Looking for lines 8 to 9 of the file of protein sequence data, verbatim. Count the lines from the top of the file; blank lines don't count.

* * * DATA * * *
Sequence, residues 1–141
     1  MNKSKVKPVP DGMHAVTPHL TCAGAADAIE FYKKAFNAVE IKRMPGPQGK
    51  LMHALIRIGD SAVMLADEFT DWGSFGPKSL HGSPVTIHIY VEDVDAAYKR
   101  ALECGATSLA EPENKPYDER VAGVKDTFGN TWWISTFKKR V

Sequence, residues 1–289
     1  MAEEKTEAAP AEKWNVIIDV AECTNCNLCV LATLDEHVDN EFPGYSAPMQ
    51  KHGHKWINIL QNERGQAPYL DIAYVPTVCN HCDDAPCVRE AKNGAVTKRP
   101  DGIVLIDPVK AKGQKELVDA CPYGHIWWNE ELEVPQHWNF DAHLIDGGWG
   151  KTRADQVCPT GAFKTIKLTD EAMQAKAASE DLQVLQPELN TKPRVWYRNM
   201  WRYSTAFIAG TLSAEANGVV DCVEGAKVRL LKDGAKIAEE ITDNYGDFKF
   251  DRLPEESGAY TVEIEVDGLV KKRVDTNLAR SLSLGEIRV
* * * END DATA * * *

   101  DGIVLIDPVK AKGQKELVDA CPYGHIWWNE ELEVPQHWNF DAHLIDGGWG
   151  KTRADQVCPT GAFKTIKLTD EAMQAKAASE DLQVLQPELN TKPRVWYRNM